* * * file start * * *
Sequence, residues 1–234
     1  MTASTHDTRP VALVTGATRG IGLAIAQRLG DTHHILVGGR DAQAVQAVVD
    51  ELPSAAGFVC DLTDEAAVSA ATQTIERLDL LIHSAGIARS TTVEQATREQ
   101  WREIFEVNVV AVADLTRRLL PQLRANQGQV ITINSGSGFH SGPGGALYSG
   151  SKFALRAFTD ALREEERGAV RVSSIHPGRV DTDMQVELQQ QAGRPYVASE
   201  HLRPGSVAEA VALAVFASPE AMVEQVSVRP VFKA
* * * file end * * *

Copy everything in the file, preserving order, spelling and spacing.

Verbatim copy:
Sequence, residues 1–234
     1  MTASTHDTRP VALVTGATRG IGLAIAQRLG DTHHILVGGR DAQAVQAVVD
    51  ELPSAAGFVC DLTDEAAVSA ATQTIERLDL LIHSAGIARS TTVEQATREQ
   101  WREIFEVNVV AVADLTRRLL PQLRANQGQV ITINSGSGFH SGPGGALYSG
   151  SKFALRAFTD ALREEERGAV RVSSIHPGRV DTDMQVELQQ QAGRPYVASE
   201  HLRPGSVAEA VALAVFASPE AMVEQVSVRP VFKA